Saturday, January 8, 2022

Georgia Gold Rush of 1830

Patty Smith Hall here. What is the first place that pops into your mind when you hear the word ‘goldrush?’ California and the discovery of gold in 1848 at Sutter’s Farm that started a human stampede west, of hope-filled people from across the country and around the world looking for a better station in life? Or maybe your thoughts turned to Alaska, to the Yukon gold rush that opened up new territory to those who longed for adventure and a bit of the precious metal.

While these have been much written about, particularly as a setting in fictional works, they weren’t the first nor the highest quality of gold ever found in the United States. No, the first gold rush in this new country started in the fall of 1829, in the North Georgia mountains along the banks of the Etowah and Chestatee rivers. As the story goes, a young man by the name of Benjamin Parks was out deer hunting near Nuckollsville, Georgia when he stumbled over a unique stone that caught his eye. But it was this August 1st, 1829 report in the Georgia Journal that brought hordes of prospectors to the region.

GOLD—A gentleman of the first respectability in Habersham County writes us thus under date of 22d July: "Two gold mines have just been discovered in this county, and preparations are making to bring these hidden treasures of the earth to use." So it appears that what we long anticipated has come to pass at last, namely, that the gold region of North and South Carolina, would be found to extend into Georgia.


People carrying spades, pans, and picks came from all over the country and from around the world, evading what was then known as the Cherokee Nation. Overnight, shanty towns like Aurora and Dahlonega spouted up along the riverbanks of the Etowah and Chestatee Rivers where gambling, drinking, and fighting became the usual way of life and laws were little known and less cared for. Vigilante justice become commonplace. In response, the governor enlisted a group of men known as the Georgia Guards to protect the mines and drive out the federal troops. But with only 60 guards to patrol the hundreds of miles of river and mountains, renegade miners found it easy to outrun them, robbing other men’s claims of vast gold stores. This continued until the Georgia Land Lottery of 1832 and was the beginning of a devastating time for the Cherokee in that region.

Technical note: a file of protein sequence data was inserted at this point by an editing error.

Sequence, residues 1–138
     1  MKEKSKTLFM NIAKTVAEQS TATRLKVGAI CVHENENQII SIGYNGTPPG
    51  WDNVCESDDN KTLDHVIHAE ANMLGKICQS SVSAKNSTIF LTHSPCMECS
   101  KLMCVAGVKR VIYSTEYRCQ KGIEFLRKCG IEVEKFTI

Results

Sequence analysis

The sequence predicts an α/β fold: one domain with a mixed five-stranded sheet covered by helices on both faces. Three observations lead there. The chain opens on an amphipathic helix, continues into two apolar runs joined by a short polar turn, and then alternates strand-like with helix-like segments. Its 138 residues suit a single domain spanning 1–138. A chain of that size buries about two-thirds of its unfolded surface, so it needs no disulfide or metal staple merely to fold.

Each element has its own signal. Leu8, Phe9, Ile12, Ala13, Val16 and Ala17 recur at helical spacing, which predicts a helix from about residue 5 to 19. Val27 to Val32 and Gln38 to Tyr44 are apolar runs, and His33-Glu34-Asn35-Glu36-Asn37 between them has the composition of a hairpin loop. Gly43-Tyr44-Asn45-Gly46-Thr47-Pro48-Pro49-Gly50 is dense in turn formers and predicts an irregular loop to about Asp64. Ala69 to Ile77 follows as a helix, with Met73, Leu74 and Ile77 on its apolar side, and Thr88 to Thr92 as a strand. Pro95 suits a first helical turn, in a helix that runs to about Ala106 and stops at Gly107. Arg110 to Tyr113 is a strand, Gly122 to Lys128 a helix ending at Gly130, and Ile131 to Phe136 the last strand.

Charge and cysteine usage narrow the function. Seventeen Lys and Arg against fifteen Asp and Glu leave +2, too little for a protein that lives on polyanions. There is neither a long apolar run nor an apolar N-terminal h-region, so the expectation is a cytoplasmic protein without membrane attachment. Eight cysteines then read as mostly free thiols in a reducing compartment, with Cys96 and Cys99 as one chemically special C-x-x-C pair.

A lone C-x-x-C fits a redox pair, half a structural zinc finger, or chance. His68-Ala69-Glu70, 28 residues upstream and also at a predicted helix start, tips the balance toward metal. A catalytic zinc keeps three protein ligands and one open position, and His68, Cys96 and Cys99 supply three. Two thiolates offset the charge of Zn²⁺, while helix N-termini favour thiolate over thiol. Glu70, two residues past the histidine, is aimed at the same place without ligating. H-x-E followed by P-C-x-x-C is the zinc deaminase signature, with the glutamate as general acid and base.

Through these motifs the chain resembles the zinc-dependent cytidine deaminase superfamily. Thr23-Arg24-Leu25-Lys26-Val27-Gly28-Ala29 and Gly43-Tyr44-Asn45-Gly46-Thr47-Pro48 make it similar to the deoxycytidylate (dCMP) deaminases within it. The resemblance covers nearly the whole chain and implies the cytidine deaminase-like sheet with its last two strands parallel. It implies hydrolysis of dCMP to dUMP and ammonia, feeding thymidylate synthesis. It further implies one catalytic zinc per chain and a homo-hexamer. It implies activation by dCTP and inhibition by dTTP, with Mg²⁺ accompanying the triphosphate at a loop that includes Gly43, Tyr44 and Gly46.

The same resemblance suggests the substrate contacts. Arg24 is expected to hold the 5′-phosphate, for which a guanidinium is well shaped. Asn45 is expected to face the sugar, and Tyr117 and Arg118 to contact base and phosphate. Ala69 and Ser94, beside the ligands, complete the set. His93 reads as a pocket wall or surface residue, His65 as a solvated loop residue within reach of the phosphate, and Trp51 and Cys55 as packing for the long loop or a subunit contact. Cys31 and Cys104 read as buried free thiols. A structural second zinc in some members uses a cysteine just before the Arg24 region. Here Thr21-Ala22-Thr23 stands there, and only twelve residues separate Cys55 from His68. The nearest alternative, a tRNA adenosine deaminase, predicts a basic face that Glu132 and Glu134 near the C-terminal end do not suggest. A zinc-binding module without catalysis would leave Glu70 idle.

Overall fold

For more information about the Georgia Gold Rush:

                                                                                Gold Dust Bride

Abigail Matthews’ lifelong ambition is to run her family’s iron mines alongside her father. With the company in trouble, Abby travels to the Georgia mountains, where iron and gold are found. Abby is confident the mountains hold the iron ore their mining company needs to survive. Still, the task is made difficult by the interference of Micah Anderson, the town’s sheriff who hinders her progress. . .and steals her heart.

Micah Anderson doesn’t understand the people searching for gold. He sees them as gamblers no better than the father who lost him in a card game. That someone as lovely as Abigail would take such a risk grates at him but doesn’t diminish his attraction to her. Working alongside in his mother’s restaurant, Micah discovers the depths of Abigail’s character. But when Abigail is in danger after witnessing a crime against a Cherokee Indian, will Micah be willing to gamble his heart on the woman he’s come to love?

Bio: Multi-published author Patty Smith Hall lives near the North Georgia Mountains with her husband, Danny, her two daughters, her son-in-law, and her grandboys.  As well as a writer, Patty serves as an acquisition editor for Winged Publications where she enjoys helping new writers get published. When she’s not writing on her back porch, she’s spending time with her family or playing with her grandsons. 


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  1. Thanks for posting today! I did not know about gold in the area you describe. Although, I do know that deposits can be found everywhere. I'm from Vermont originally and there are places that people still pan for gold.

  2. first thought was California. Great post